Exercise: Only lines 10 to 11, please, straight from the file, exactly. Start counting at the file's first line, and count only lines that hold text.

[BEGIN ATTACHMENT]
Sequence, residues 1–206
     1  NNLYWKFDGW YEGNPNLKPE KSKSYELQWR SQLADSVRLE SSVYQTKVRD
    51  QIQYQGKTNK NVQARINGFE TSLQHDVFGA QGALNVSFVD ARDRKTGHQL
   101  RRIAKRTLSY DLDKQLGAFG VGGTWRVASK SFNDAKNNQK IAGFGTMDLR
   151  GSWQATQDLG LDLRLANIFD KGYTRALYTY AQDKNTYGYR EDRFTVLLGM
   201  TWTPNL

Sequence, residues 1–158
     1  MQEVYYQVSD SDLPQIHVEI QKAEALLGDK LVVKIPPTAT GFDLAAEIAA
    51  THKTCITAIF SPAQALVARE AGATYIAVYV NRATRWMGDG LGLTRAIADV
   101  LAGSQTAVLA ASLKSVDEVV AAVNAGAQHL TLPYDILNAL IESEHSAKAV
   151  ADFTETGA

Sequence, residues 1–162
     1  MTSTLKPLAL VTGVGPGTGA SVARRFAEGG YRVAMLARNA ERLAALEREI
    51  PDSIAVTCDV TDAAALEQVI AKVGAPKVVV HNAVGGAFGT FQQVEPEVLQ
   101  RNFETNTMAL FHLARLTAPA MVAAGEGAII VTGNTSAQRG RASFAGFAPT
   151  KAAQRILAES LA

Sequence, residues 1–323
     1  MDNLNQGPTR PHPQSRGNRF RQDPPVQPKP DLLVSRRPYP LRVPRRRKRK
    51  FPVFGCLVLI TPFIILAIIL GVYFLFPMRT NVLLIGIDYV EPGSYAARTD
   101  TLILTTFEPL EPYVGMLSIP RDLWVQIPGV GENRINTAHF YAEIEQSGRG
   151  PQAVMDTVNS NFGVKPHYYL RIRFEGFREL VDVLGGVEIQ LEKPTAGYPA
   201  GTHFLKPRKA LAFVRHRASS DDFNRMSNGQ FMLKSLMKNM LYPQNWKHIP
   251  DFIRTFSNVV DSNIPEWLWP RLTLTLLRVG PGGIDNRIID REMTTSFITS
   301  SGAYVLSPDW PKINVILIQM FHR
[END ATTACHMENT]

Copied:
   101  LAGSQTAVLA ASLKSVDEVV AAVNAGAQHL TLPYDILNAL IESEHSAKAV
   151  ADFTETGA